Good or bad, just spill the beans

By Shaila Koshy (The Star)

INSTEAD of being the one doing the reporting, the media will be “reported” on in the coming months. Media organisations will come under public scrutiny, with a national integrity survey being conducted from now until the middle of September.

Since the media plays an important role in moulding perceptions and influencing opi­nions, the Malaysian Integrity Institute (MII) wants to find out how the media is perceived by the public.

About 11,000 households will participate in the survey while 4,000 respondents from corporations and the public service will only answer questions on topics ranging from corruption and the public service delivery system to the well-being of society and level of courtesy.

So why has the MII included the media in its third integrity perception survey?

“Whether you like it or not, the media plays an important role in our lives; it helps to mould perception, the mindset of people to a certain extent and how the public perceives certain issues,” says MII president Datuk Dr Tap Salleh in an interview.

“So we thought it was a good idea to find out how the public perceives the media.

“We hope to give the findings to the public, the Government as well as the media organisations. It is up to the individual organisations – government or privately owned – to look at the findings,” he said.

On whether the survey on the media indicates the constraints which the media has to work with, for example an annual publishing permit that is subject to approval by the Government, Dr Tap says: “We do not mention the constraints in the survey. We just want to gauge how the people perceive the media. If the media feels that the people need to be informed about the constraints, then the media needs to inform them. You have the forum to do so.”

On investigative journalism that is sometimes curtailed by the right to information, he adds: “To me, that’s where you have to educate the public. Not just your organisation, but it is a responsibility that goes across the board to promote democracy.”

While acknowledging the legal constraints, he says that this is the best time for the media to act.

“You can’t abolish everything at once. But with the current mood of the Prime Minister and his Cabinet, I think a lot of things will change. I’m not talking about seeing quantum leaps but certainly some change.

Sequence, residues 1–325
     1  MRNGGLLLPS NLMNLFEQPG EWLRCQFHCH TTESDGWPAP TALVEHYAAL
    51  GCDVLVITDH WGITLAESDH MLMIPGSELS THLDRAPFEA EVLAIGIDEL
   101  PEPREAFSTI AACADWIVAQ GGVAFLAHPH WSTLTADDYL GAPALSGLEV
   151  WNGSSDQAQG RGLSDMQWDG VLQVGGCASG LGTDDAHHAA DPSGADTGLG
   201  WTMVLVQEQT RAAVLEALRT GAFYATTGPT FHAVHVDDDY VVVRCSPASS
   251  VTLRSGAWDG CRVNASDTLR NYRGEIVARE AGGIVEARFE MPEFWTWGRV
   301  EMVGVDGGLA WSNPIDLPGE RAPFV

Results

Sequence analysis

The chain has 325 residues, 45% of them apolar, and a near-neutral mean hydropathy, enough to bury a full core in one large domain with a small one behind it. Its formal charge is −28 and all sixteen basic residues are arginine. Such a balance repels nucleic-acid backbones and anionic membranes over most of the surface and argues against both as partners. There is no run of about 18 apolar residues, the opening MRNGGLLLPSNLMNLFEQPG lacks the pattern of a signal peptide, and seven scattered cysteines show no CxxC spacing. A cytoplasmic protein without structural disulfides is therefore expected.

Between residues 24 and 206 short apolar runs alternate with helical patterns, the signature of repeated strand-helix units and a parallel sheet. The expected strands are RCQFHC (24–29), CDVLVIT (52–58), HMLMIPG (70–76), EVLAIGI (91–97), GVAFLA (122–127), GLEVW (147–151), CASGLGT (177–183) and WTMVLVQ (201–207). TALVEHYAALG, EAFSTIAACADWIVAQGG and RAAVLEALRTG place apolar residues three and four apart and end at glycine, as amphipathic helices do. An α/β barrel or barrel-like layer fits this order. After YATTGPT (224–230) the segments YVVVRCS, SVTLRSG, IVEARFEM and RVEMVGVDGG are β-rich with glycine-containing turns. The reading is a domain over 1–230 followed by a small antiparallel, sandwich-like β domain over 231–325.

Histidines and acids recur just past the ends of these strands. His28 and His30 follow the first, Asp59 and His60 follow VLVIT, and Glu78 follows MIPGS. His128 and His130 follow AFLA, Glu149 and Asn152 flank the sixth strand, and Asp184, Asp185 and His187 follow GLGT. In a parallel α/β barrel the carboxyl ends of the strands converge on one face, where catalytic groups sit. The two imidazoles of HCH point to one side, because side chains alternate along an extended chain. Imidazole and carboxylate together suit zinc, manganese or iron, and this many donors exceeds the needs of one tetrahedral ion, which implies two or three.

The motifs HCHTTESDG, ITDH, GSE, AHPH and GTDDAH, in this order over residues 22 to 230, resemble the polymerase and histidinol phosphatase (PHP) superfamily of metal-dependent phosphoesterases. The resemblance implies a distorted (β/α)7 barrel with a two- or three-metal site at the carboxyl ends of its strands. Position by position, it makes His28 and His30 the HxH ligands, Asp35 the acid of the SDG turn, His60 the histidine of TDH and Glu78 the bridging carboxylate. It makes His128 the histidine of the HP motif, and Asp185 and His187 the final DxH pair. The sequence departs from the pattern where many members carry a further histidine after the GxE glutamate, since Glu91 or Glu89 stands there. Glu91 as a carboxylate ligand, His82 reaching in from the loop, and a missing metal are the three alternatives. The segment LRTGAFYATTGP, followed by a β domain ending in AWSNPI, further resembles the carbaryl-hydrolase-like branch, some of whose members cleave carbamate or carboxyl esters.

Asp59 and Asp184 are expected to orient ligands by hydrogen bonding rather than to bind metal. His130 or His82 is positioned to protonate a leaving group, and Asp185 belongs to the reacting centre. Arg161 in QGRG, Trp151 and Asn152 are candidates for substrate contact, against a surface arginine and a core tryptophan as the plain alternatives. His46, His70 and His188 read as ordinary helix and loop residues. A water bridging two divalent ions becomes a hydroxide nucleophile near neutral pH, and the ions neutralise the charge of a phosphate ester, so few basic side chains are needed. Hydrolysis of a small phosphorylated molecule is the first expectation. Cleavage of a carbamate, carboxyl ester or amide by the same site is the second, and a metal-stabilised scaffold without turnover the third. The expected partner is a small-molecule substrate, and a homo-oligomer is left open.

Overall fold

“The people know basically what their rights are. It’s a question of the media leading that belief. Otherwise there is no champion.

“We don’t want to be going to the streets; in Jakarta, you can pay people to demonstrate for you. That’s not the type of democracy we’re talking about.

“I believe the media is critical to educating the public, not just the government media but the private sector media. It is being done now but it can be better. For one, less politics would be better. The media is too involved in political party happenings.”

He adds that the media should make sure that the public understood democracy as a principle.

“I like what Obama said in Africa recently – democracy is not just elections but what happens in between them. Elections every five years is only one of the elements of a demo­cracy. There is so much more to it. The media must educate the public of this.

“You’re not a politician but even if you support a political party, you can still promote democracy. Change can be orderly; it does not have to be chaotic.”

Dr Tap is of the view that the media should promote democracy, not political parties.

“Why is it that you report more on political happenings than the substance of an issue? I cannot understand … Let’s take a policy – the abolition of teaching of Maths and Science in English.

“Okay, it is a political decision but it is a policy that affects everybody. Why can’t we write intellectually on the policy? The issue is more about the quality of the teachers than the medium of instruction.

“When I was doing my PhD in Bath (England), I went looking for a school for my then five-year-old son. At one school, the principal said her school’s basic course would ensure that my son would be ahead of his class in Mathematics later.

“A principal of another school said that my son would be taught to read in his first year. When I asked whether he would be taught any arithmetic, she said no.

“She said that when a child had learnt a language and been inculcated with a love for reading, all the education in the world would be open to him.

“These are issues the media should write about,” says Dr Tap, adding that his son is an avid reader.

Acknowledging that print media owners “need to sell newspapers”, he says they also must raise the intellectual capacity of the readers.

“In Monash (University, Australia) in my first year, we were encouraged to take Philosophy 101. It teaches you to argue in terms of good, bad, right, wrong, black, white and grey.

“You read about the Greek philosophers and have discussions on ‘legally right and morally wrong’ and Sophie’s choice – should you kill one to let another live. I don’t think any university in Malaysia offers Philosophy 101.

“Plato talks about a good person – but what is a good person? These are the things I always thought that the media should be promoting.”

But the trend is that readers prefer bite-sized news these days and the Internet hits of online newspapers show that the top read items are related to sex and scandals.

“I read the Guardian and the Daily Mail online every day. The hits on the Guardian are the same. We understand you have to sell your newspaper but the readers of The Star have some level of intellectual capacity or they would buy something else. I hope so, anyway (laughing).

“Salacious news attracts people but if you inject articles that develop your readers’ mind or make them think of others, that would help. I always think of that quote: ‘All that is necessary for the triumph of evil is that good men do nothing.’”